Fire outbreaks at home, work or in schools always leave devastating effects. Damages can be great especially if the fire has spreaded. It is always important to try to lessen the chances of fires by getting a curtain that is fire retardant.
Part of every school’s routine is to ensure that safety protocols are in place. Curtains are one of the quickest items to catch fire and there are literally no type of fabric that has innate fire resistance. You need to invest in fire retardant treated fabric to prevent spreading of fire quickly especially in public areas like school stages and performance venues.
Fire Retardant vs. Fire Resistant Fabrics
These terms are used interchangeably, but they are actually quite different. In general, both types of fabric can help lessen the spread of fire, but they can still burn.
Fire retardant fabrics are those that are chemically treated with curtain fire retardant chemicals. The end product is a curtain that can self-extinguish when exposed to fire as opposed to typical fabrics that burn to ashes. This makes your curtain less hazardous and may be used to put off the fire during emergencies.
Fire resistant fabrics are slightly different since they don’t really extinguish the fire by themselves. They burn more slowly than regular fabrics and don’t melt or drip. This lessens spreading of the fire since burn debris is localized. These fabrics are fire resistant by themselves and don’t need to undergo further treatment.
What to Know About the Levels of Fabric Fire Ratings
Fabrics or curtains are rated in line with their quality and flammability, and there are probably only two types that you need to worry about when it comes to stage curtains that are fire retardant:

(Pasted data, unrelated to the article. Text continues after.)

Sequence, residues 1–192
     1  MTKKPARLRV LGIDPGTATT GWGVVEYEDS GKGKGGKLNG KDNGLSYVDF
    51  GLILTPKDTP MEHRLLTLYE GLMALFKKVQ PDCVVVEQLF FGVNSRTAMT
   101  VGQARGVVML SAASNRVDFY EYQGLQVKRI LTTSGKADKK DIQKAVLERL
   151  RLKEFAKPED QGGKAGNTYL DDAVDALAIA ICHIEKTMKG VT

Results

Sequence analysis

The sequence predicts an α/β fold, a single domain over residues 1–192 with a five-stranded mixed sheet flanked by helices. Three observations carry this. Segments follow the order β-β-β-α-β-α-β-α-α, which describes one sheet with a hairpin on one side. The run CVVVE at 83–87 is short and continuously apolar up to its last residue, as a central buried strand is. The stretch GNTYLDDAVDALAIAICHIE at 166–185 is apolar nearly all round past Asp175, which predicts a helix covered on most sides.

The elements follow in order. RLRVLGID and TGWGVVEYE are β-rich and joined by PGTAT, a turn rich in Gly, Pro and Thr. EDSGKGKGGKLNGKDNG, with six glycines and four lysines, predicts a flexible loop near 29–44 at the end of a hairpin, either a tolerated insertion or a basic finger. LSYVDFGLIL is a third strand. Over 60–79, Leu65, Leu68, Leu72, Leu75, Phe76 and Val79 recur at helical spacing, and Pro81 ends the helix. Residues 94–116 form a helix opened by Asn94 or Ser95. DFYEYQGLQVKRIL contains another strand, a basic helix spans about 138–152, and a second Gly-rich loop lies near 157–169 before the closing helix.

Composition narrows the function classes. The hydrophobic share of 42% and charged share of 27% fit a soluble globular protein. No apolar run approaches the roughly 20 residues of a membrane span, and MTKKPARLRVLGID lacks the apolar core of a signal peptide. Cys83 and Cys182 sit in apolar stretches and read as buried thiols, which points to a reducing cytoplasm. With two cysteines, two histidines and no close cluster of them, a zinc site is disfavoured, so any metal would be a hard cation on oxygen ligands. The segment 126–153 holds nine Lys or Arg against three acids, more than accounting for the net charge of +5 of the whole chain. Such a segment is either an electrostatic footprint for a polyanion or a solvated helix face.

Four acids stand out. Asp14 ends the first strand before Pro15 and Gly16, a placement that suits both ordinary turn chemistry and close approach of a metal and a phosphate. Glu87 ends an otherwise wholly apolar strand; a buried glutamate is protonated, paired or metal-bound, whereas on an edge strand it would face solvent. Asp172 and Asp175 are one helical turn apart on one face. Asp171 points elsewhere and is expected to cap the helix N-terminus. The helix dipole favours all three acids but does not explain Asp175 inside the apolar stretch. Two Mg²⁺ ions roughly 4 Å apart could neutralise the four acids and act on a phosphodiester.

NDFR: Simply means “Non-Durable Flame Retardant”. Fabrics rated NDFR have already been treated with flame retardant chemicals but can have its efficacy reduced or removed by wetting or washing the curtain fabric. Curtains or fabrics rated NDFR usually are dry cleaned, and it is best avoiding placing steam or water near them. There isn’t a defined time frame for the retardant to be effective. However, it is usually 4-8 years provided the fabric is dust free. If it is dry cleaned, it must be retreated with fire retardant.
IFR: The IFR means “Inherently Flame Retardant”. The fibres of the curtains rated IFR fights against the effects of fire instead of being flame retardant because of its chemical application. These curtains are the best solutions for areas where curtains will be exposed to a heat source nearby. IFR fabric will stay flame retardent all its life even after they are dry cleaned, as long as they are dust free.
Why Should You Ensure Your Curtains are Fire Retardant type?
It is law in Australia that all theatres, stages, public halls that use stage curtains must adhere with the latest Building Code Australia, also known as BCA – The AS 1530 Part 2 and 3. AS 1530 Part 2 is an index for “Flammability” that is conducted by testing authorities like the Australian Wool Testing Authority (AWTA). The building code AS 1530 Part 3 is an index of “Smoke Developed” and “Spread Flame”.
In NSW, it is required by law to have at each curtain rear a tag that states the fabric type, the manufacturer, its fire retardant treatment, cleaning instructions and test report.
Phantos supplies IFR wool, velvet and other fire retardant treated stage curtains an drapes for schools in Sydney. If you existing curtains are not fire treated type and needs to be replaced, we appreciate the opportunity to talk to you.